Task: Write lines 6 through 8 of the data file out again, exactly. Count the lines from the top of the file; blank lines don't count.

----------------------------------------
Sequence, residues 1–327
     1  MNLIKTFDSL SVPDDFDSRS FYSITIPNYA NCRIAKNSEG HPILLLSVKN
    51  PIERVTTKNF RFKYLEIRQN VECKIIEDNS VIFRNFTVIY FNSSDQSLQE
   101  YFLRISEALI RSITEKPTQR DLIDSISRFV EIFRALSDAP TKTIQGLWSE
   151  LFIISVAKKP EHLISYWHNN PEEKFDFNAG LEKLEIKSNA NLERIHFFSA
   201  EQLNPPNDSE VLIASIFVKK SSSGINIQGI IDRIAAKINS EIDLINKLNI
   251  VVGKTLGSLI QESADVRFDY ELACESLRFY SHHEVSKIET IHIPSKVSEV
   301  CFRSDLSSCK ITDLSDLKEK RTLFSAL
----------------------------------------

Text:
   201  EQLNPPNDSE VLIASIFVKK SSSGINIQGI IDRIAAKINS EIDLINKLNI
   251  VVGKTLGSLI QESADVRFDY ELACESLRFY SHHEVSKIET IHIPSKVSEV
   301  CFRSDLSSCK ITDLSDLKEK RTLFSAL